Well, ideally, it is important to have both water treatment and cooling tower suppliers understand each other's products and how they interface or interact with each other. This is for the benefit of the end user or owner of the cooling tower water system to obtain good protection of all his water-contacted equipment. Both the cooling tower and the water treatment industries have made changes in their products that have hurt each other as well as cost to the end user, at times excessively.
The best way to describe what has happened to both industries during the last 20 or so years is to provide a little history. First, the water treatment has changed substantially from using chromate-based corrosion inhibitors with acid for pH and scale control plus chlorine for microbiological control to currently used phosphate/nitrogen based products with little or no acid, thus high pHs (in the range of 8 to 9.5) and non-chlorine microbiocides.
Chromate protects all metals while not contributing to deposits. Phosphate/nitrogen-based products contribute to deposits and biological growth and can attack galvanized steel and copper. The scale inhibitors that replaced acid often can attack copper and galvanized and mild steel. Even some of the chlorine-replacement microbiocides are known to cause corrosion of galvanized and mild steel and even copper alloys.
So how has the cooling tower industry changed? Also substantially! Cooling towers with both Redwood structural members and fill have often been replaced with preservative-impregnated Douglas fir for structural members and plastic fill. Now, fiberglass is replacing the wood structural members. Galvanized steel towers are still being used but with thinner and less resistant galvanized often with plastic coatings. Stainless towers are still being used. Plastic and fiberglass towers are quite prevalent. And, concrete is being used much more. Fill is now plastic honeycomb design vs. splash for greater efficiency per cubic foot - thus smaller towers. Even more effective ceramic fill is used in the concrete towers.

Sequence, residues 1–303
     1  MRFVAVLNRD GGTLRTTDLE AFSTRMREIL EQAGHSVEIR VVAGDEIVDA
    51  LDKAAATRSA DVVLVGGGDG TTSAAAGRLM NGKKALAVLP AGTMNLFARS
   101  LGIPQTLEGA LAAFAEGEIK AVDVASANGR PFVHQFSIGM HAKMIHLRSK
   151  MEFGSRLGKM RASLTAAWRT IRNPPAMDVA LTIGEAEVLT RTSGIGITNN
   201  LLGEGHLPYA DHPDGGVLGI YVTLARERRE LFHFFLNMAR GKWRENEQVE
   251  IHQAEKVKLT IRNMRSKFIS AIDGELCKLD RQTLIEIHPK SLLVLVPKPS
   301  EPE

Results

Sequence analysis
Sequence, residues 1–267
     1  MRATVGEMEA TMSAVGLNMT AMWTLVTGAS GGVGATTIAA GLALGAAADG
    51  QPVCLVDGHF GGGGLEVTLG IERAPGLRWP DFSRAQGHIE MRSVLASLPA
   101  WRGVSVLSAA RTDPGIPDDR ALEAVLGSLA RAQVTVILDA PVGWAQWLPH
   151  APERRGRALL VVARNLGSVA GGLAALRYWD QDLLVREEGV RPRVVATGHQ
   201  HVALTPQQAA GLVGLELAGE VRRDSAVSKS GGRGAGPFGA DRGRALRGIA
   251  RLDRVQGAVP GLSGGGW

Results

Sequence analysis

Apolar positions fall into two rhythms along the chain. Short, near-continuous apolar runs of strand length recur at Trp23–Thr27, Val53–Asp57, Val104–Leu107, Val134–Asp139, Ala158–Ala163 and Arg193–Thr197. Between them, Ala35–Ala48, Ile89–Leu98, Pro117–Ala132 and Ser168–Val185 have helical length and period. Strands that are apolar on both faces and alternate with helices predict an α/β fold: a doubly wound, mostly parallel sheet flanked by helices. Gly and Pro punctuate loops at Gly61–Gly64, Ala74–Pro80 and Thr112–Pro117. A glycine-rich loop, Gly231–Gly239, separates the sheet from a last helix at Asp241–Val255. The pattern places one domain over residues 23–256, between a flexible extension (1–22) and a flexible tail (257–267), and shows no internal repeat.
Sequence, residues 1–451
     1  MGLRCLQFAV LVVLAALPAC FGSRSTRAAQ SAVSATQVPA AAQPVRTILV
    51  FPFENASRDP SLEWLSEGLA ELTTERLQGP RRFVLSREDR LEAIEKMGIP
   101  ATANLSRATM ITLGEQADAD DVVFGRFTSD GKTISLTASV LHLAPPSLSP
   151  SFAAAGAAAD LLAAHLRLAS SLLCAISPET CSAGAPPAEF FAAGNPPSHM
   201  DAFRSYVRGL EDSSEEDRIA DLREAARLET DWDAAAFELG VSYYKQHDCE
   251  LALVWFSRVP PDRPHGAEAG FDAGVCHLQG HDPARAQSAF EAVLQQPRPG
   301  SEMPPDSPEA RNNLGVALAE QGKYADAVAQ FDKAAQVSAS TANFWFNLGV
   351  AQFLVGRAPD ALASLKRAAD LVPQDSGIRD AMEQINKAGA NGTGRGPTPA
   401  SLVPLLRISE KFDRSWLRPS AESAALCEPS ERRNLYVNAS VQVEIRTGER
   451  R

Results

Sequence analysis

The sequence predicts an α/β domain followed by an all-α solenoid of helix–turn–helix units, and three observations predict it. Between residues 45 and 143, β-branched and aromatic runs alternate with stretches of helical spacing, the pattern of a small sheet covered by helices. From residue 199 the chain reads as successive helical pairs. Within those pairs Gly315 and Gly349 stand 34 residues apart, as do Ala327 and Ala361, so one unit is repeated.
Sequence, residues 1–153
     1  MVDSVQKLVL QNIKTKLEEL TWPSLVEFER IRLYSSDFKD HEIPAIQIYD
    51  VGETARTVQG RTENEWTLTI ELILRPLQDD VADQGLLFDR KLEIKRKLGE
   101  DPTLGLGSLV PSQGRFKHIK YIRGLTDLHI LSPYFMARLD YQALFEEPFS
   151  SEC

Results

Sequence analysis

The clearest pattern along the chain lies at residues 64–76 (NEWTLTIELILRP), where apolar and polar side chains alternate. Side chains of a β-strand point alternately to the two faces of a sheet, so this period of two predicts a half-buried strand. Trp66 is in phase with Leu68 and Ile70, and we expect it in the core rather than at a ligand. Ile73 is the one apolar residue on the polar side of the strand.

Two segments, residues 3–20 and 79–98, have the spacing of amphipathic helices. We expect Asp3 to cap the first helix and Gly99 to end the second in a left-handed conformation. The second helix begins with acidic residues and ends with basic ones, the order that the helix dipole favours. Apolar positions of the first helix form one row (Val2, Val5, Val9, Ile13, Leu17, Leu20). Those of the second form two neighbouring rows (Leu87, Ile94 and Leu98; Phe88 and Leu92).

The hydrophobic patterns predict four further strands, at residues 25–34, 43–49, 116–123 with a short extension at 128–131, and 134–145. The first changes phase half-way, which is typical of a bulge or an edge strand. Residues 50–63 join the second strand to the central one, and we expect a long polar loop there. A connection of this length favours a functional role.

So, with all these changes in each industry, what can - and has - happened?
Probably the most common problem is the rapid corrosion of galvanized cooling towers, causing “white rust.” White rust, or zinc oxide, on galvanized steel is the equivalent of red rust, or iron oxide, on mild steel.
White rust often is caused by the water quality and water treatment. If the pH is not in the range of 7.0 to 8.2, white rust occurs without proper galvanized steel corrosion inhibitors. If the pH is 8.5 to 9.5, white rust will occur rapidly without effective corrosion inhibitors.
A greater contributor of white rust is the lack of initial effective galvanized steel passivation on new towers by the water treater. If certain scale and corrosion inhibitors are improperly utilized and below or above their effective dosages, white rust can rapidly form. Even certain microbiocides can cause white rust to form. Plus, if copper enters via the makeup water, white rust can occur via galvanic corrosion (copper plating on the galvanizing).
Can white rust be prevented? Absolutely, with initial and continuing effective water treatment. Can existing white rust be removed and galvanizing be protected? Absolutely, again with specific water treatment.
Have the galvanized cooling tower manufacturers contributed to white rust? Again, absolutely, by using a surface treatment more sensitive to corrosion than galvanizing and half the thickness of the galvanizing. Also the surface-treatment change to a less-effective method (chromate to a nitrite passivation) has increased the risk of white rust.
What can you do with a galvanized cooling tower to prevent white rust? Learn what water treatment works to provide protection both initially and continuously.
Another major change has been the use of high efficiency film fill by the cooling tower manufacturers in place of splash fill. This advancement has resulted in more cooling. Film fill initially introduced over 10 years ago was with small torturous passages. They were made of PVC. When clean, they were very effective - but keeping them clean from deposits and plugging was not fully understood by the water treatment suppliers, particularly how rapid plugging can occur resulting in loss of cooling efficiency and even the collapse of the fill into the cooling tower basin. Much more deposit and biological control was needed to minimize this problem, but unfortunately, in some industries such as utility power stations, water treatment bio-control is limited.
Both the cooling tower manufacturer and the water treatment suppliers acted to minimize this problem. The cooling tower manufacturer by producing low clogging film fill and the water treatment supplier developing more effective deposit control. Does this problem still occur? Absolutely, but not nearly as bad as before.
So, what is needed is cooperation rather that hostility between the cooling tower manufacturer and the water treatment supplier. Still, the end user must control the water chemistry and treatment as well as provide good cooling tower maintenance as their responsibility. All three must work together.